This book offers a startling re-evaluation of what has until now been seen as the most critically lacklustre period of the British film history. It includes fresh assessment of maverick directors; Pat Jackson, Robert Hamer and Joseph Losey, and even of a maverick critic Raymond Durgnat. The book features personal insights from those inidividually implicated in 1950s cinema; Corin Redgrave on Michael Redgrave, Isabel Quigly on film reviewing, and Bryony Dixon of the BFI on archiving and preservation. A classic image from 1950s British cinema would be Jack Hawkins in The Cruel Sea, the epitome of quiet English integrity. Raymond Durgnat's A Mirror for England: British Movies from Austerity to Affluence, which deals extensively with British films of the 1950s, was written in the mid-1960s and was published in 1970. In a 1947 article called 'Angles of Approach' Lindsay Anderson delivered a fierce attack on contemporary British film culture, outlining a model for a devoted politics of creation, well in line with what we would later understand as auteurism and art cinema aesthetics . The war films of the 1950s together constitute the assented-to record of the emotions and moral judgments called upon to set in order those disorderly events. The book also talks about the Festival of Britain, White Corridors, and four Hamer's post-Ealing films: The Spider and the Fly, The Long Memory, Father Brown and The Scapegoat. A number of factors have contributed to the relative neglect of the 1950s as a decade in British cinema history.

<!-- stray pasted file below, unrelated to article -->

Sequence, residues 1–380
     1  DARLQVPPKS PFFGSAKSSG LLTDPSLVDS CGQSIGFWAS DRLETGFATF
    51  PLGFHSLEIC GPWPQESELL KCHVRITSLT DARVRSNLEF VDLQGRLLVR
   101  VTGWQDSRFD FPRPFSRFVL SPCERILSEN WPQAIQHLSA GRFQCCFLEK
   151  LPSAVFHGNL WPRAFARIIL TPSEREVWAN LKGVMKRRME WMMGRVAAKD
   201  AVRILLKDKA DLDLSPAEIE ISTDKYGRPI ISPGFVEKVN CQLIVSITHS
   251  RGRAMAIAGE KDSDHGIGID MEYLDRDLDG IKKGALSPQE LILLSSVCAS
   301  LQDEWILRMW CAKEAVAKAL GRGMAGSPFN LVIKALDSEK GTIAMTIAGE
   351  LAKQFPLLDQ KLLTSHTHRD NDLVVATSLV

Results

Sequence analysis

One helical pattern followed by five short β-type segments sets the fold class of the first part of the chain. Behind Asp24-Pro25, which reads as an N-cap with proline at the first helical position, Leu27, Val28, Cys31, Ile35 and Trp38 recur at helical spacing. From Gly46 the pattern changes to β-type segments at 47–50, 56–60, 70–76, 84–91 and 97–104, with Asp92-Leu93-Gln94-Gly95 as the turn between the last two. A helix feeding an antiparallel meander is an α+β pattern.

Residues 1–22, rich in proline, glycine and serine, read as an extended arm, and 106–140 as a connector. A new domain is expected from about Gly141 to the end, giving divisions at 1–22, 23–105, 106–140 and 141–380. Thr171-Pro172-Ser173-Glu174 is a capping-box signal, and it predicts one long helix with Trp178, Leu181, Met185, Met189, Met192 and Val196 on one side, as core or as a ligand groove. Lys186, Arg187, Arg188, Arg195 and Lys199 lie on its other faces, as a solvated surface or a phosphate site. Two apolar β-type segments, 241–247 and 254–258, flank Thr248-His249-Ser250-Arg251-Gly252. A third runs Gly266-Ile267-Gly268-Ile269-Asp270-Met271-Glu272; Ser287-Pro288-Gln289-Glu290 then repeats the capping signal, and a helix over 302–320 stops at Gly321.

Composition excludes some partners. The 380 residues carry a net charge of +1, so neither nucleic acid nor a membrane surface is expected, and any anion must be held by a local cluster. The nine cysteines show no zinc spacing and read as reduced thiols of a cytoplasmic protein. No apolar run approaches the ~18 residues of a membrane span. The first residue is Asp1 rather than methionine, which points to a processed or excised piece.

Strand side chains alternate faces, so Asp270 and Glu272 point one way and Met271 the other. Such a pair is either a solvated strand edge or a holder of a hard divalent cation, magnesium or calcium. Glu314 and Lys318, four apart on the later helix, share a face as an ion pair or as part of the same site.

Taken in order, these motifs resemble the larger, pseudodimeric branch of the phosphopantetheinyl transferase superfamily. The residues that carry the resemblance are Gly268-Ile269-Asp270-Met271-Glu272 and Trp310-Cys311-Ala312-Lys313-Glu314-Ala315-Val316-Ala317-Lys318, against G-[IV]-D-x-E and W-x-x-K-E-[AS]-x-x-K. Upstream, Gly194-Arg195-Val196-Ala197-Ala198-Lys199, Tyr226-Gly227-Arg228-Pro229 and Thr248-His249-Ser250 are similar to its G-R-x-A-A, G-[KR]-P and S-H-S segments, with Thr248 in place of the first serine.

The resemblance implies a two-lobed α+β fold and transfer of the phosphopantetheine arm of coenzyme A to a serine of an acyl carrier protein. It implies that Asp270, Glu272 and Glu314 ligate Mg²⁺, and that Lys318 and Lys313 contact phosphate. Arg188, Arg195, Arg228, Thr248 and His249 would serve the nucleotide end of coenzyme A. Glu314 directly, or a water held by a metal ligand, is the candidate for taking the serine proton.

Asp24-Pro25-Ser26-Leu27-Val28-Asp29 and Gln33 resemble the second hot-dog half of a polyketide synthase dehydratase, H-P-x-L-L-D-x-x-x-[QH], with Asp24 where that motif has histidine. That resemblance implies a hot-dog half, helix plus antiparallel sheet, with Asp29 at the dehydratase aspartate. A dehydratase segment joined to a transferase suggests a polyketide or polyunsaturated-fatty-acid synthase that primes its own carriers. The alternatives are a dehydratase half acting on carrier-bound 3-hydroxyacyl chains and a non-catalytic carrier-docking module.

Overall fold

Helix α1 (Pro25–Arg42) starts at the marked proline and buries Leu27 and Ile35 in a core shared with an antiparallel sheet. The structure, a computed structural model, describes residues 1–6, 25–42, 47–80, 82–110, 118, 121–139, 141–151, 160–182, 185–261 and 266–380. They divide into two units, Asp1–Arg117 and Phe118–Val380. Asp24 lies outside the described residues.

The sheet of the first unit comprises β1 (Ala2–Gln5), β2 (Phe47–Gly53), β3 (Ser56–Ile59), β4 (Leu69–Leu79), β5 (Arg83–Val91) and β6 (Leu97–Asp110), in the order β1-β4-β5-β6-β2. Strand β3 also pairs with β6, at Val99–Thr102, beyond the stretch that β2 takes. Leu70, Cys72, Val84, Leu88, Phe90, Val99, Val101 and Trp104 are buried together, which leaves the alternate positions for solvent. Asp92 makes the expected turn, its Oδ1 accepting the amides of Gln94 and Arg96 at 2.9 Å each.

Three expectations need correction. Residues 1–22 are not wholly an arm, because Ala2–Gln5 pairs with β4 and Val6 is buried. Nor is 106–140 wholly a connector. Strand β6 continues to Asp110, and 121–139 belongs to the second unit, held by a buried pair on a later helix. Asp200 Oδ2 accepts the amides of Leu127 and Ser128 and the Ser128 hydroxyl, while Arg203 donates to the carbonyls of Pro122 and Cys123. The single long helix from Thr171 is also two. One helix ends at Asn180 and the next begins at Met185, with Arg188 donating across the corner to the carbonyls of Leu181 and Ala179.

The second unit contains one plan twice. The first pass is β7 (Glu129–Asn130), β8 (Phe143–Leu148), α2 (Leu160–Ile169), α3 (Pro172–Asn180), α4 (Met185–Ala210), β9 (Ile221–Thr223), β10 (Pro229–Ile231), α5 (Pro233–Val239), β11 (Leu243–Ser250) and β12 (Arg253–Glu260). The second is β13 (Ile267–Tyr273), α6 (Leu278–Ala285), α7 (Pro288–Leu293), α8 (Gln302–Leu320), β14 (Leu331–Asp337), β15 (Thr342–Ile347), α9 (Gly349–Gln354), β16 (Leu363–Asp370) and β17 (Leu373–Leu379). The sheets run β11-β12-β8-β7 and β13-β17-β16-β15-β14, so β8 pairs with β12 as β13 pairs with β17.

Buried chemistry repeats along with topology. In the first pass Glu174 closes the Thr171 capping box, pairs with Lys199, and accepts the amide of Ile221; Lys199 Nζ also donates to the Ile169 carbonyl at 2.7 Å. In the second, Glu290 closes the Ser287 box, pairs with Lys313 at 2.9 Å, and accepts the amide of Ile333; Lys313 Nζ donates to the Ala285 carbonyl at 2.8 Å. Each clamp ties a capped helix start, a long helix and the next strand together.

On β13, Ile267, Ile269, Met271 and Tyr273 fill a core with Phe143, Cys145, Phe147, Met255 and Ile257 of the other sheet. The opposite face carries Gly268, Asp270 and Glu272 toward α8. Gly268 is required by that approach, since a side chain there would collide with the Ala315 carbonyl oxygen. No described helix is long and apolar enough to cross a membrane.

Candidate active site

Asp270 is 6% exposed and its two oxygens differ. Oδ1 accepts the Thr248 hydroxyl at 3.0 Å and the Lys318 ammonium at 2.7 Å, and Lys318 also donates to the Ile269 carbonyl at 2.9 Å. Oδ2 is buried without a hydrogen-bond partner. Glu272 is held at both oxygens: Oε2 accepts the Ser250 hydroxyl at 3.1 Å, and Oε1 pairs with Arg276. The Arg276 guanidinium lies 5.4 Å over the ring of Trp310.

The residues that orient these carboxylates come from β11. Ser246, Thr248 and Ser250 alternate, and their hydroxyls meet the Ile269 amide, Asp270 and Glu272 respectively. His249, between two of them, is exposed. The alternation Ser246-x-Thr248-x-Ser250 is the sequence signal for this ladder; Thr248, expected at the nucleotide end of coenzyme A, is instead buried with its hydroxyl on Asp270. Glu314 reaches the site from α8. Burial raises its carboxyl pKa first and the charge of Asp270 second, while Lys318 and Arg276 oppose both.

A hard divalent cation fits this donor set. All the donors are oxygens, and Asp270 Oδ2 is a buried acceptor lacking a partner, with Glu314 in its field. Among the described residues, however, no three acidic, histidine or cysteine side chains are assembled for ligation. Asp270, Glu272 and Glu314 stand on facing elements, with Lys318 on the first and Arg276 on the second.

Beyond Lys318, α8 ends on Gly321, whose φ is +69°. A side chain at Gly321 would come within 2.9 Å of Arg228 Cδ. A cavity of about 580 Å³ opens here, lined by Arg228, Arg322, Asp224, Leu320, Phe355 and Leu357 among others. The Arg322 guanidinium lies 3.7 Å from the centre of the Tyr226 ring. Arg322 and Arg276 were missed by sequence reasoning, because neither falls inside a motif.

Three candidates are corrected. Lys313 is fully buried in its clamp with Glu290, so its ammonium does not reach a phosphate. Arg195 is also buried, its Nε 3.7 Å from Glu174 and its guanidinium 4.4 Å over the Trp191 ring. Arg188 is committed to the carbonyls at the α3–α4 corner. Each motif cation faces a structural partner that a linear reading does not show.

‘solidarity’, ‘character’, home.
Sixty or so subsequent years have corroded this innocence.
Consumer capitalism and the absence of war have together worked to
underfeed ‘solidarity’ until it has become so thin we can
see through it, and placed the values of radical individualism
(identity, fulfilment, self-discovery and so forth ) at the centre of
the board. But the warfilms of the 1950s will nonetheless be